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I’m a china and silverware kind of guy. Like Field Marshall Rommel. He loved the clink of sterling against porcelain. So he carried them everywhere, even over the Alps (Okay, it was his flunkies who did the lugging).

Then there’s plastic and paper. Rommel would have had nothing to do with those. And, to me, they spell trouble. There’s something about sitting down at my desk to a seared bluefish steak, pesto blackened polenta, and kale cobbler with whipped cream, all thrown haphazardly onto a textured pink cardboard plate that turns my stomach. Not the food. The cardboard. And when I dig in with the white plastic fork and shatter the middle tine, I heave a sigh.

Eating is supposed to be fun, elegant, inspiring. And back in the day, Limoges® and Reed & Barton® made sure of that. Add a tablecloth. A bottle of wine. In the 23rd floor conference room with the client and your colleagues around the table. What could be better?

Here’s the rub. Cardboard and paper are cheap (should I say “cost effective”?). So firms everywhere long ago ditched stylishness and switched to Dixie® and more Dixie®. Whole hog. That’s why the sound you hear in their lunch rooms is that familiar nasty rustle of polyethylene cutlery on cellulose fiber. And the occasional twang of a snapping plastic knife blade, followed by the swoosh of the freed shard of plastic flying toward the wall.

When you’re done wedging the lunch into your petite mouth, it’s time, of course, to discard the entire place setting along with the leftovers glopped onto them. Ugh.

It’s then when you discover that you’re stuck with the obligatory sorting and recycling charade. That farce may be eco-friendly, sustainable, green, and LEED certified.

But it’s not simple.

Back in the day, the detritus of law firm life was handled in round tinplate wastebaskets. They sat on the floor. In the corner of the conference room. Whatever was no longer wanted went into them. That could be the unfinished half of a ham sandwich, a brief on appeal, or dead flowers from the vase on the conference room credenza. No one cared much about sorting any of this mix. They would have snickered at the thought. Happily, everything that was tossed into the wastebasket was gone by the next morning, no questions asked.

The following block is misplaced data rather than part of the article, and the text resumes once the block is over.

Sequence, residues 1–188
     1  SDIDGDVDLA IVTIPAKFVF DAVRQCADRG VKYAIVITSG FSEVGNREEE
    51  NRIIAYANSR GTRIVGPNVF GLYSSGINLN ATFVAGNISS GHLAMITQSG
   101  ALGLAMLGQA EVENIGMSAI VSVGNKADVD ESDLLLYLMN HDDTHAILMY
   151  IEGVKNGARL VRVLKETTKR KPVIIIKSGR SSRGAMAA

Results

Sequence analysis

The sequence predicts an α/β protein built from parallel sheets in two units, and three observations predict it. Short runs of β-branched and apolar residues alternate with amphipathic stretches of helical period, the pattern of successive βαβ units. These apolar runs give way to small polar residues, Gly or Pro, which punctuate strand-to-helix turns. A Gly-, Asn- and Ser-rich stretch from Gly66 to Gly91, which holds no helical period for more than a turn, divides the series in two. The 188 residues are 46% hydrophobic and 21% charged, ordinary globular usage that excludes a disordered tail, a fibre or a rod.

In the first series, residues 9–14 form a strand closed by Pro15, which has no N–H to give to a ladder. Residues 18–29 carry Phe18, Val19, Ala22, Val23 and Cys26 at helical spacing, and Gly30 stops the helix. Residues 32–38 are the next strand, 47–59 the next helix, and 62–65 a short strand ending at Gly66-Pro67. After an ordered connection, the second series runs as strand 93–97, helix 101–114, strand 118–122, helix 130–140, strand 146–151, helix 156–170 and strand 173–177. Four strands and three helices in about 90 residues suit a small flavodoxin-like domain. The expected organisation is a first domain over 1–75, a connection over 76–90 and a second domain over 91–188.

Then some wiz bang do-good architect figured out that you could put the garbage into drawers in the credenza instead of storing pencils and staplers and paper clips in there. Those desktop tools had fallen into disuse with the demise of sheet paper, and something needed to be done with the freed-up space. In fact, there was so much empty room that when the garbage drawers were designed into the credenza, there were two or three of them at least. The drawers usually didn’t have labels, until discrete markers were taped onto the front of the credenza by the local recycling police. Before that, you were expected to figure out on your own which drawer was for “trash” and which was for “recycle.”

The distinction between “trash” and “recycle” may make perfect sense to you. But not to me. In my world, garbage is garbage no matter what you call it. And I could rarely guess which drawer was for the cold limp pale-green fried potato dregs and which drawer was to receive the crumbled damp paper cup. In my universe, paper cups are trash that gets recycled or recyclables that get trashed. Who cares. And leftover spuds are trash but they also get recycled if you compost them (as any self-respecting earth lover would do).

So I just put stuff in any drawer that seems handy at the moment.

All and all I’m fed up with this state of the world. Sadly, it doesn’t have to be this way. Believe me. Back in the day, afternoon tea on china was de rigueur in a big shot law firm. And a biscuit or crumpet, too. The garbage was removed silently by someone else without a comment. You felt civilized. And when you finished, you lit up a cigar. Terrific.

Just my two cents.

 

Written by thinker

November 23rd, 2015 at 9:36 pm